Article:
Week of August 31, 2014

September 3, 2014 ( Wednesday )

Research Meetings
9:00am - 10:00am

"Targeting novel androgen axis resistance mechanisms for development of next generation treatment strategies"

Allen C. Gao, M.D., Ph.D. Ralph de Vere White Professor and Director of Urologic Research UC Davis Cancer Center

Location:  1-5336 SCOTT ROOM

Posted by:  Gwen Stark, Urology, 25-Aug-14 9:42am ET

Other Events & Dates
12:00pm - 1:00pm
Chemistry Ph.D. Defense

Title: Size-Programmed Synthesis of Lead Selenide Quantum Dots

Amanda Preske – University of Rochester, Department of Chemistry Physical Seminar

Location:  Hutchison Hall 473, RC

Posted by:  Marguerite Weston, Chemistry, 26-Aug-14 4:22pm ET

Research Meetings
4:00pm - 5:00pm
The CVRI Seminar Series

The CVRI Seminar Series will resume on September 10, 2014
  View All Dates  

Posted by:  Jacqueline Velazquez, Cardiovascular Research Institute, 20-Jun-14 3:33pm ET

September 4, 2014 ( Thursday )

Research Meetings
12:30pm - 1:30pm
Pharmacology and Physiology Thesis Proposal Seminar

Rafael Gil de Rubio
(Dr. Alan V. Smrcka, Advisor)

"Receptor-stimulated PLC-dependent PI4P Hydrolysis Promoting PKD Activation and Mitogenic Signaling"

Location:  Anders Room (4-6912)

Posted by:  Sharon Runion, 21-Aug-14 1:59pm ET

September 5, 2014 ( Friday )

Other Events & Dates
10:00am - 11:30am
CRISPR-Cas: Tools and applications for mammalian genome engineering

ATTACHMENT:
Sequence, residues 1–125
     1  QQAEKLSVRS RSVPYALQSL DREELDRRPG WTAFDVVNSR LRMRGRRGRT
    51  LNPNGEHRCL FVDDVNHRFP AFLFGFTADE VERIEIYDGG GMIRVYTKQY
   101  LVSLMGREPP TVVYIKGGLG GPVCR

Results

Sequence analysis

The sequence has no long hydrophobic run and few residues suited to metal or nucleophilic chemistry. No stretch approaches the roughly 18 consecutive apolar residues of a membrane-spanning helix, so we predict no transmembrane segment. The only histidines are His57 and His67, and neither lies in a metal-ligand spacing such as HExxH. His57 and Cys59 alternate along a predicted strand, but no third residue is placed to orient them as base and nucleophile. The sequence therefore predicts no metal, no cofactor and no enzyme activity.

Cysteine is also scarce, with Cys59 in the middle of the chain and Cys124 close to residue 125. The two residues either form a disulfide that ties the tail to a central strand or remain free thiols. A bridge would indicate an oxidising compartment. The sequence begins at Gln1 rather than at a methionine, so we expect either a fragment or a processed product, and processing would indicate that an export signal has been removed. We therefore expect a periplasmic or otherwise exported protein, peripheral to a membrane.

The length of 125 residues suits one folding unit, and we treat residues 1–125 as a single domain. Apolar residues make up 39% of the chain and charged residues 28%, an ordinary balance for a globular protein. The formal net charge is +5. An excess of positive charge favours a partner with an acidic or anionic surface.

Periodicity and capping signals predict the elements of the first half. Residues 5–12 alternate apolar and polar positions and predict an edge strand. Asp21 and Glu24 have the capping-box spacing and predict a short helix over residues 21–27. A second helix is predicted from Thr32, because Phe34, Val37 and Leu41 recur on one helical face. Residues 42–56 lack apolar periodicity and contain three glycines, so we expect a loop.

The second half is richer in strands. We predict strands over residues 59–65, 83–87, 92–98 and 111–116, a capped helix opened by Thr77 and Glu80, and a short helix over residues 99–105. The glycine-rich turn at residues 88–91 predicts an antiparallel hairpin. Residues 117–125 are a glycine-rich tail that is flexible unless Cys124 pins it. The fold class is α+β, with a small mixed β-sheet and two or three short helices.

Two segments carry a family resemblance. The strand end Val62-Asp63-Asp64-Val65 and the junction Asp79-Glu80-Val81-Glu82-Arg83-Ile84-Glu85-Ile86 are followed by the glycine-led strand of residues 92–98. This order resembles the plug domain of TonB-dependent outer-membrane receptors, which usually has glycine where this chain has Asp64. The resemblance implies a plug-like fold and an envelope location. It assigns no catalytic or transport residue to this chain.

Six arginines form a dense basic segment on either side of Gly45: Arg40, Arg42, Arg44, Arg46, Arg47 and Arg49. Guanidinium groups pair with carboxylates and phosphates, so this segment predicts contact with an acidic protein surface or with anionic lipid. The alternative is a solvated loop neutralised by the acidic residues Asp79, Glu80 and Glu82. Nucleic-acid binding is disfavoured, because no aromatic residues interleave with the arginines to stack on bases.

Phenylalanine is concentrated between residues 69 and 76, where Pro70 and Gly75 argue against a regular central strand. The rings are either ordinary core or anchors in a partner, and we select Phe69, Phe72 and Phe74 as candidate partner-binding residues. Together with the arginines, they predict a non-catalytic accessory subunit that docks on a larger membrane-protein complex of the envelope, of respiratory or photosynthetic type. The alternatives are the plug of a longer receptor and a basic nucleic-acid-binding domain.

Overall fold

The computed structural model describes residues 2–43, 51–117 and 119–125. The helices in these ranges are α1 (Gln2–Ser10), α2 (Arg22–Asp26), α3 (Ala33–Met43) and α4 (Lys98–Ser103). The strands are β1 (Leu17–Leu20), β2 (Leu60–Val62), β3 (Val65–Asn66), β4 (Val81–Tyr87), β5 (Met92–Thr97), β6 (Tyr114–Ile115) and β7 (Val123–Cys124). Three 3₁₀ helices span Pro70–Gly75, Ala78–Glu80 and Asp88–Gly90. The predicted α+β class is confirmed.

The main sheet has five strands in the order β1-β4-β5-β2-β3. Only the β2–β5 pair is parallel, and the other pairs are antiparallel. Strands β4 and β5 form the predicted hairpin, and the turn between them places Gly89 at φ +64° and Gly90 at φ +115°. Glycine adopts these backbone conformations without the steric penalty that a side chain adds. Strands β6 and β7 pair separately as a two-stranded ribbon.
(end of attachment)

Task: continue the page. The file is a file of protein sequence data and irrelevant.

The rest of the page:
Presented by: Fei Ann Ran, PhD Post-Doctoral Fellow in the Feng Zhang Lab; Junior Fellow, Harvard Society of Fellows; Eli and Edythe L. Broad Institute of Harvard and MIT

The ability to introduce targeted modifications into genomes and engineer model organisms holds enormous promise for biomedical and technological applications, and has driven the development of tools such as zinc finger nucleases (ZFNs) and transcription activator-like effector nucleases (TALENs). We have harnessed the Cas9 nuclease from the bacterial CRISPR (clustered regularly interspaced short palindromic repeats) adaptive immune system for targeted editing of the mammalian genome. Cas9 can be easily programmed by short guide RNAs to induce gene knockout or homology-directed repair with robust efficiency and is highly amenable to multiplexed applications. In addition, we have also engineered a Cas9 nicking mutant and devised a "double nicking" strategy to facilitate high-precision genome editing with minimal off-target mutagenic activity, enabling applications across basic science, biotechnology, and medicine. The seminar will also discuss the newest developments in using Cas9 for in vivo and therapeutic applications.

Location:  Class of '62 Auditorium, G-9425

Posted by:  Anne Reed, Shared Resource Laboratories, 2-Sep-14 11:28am ET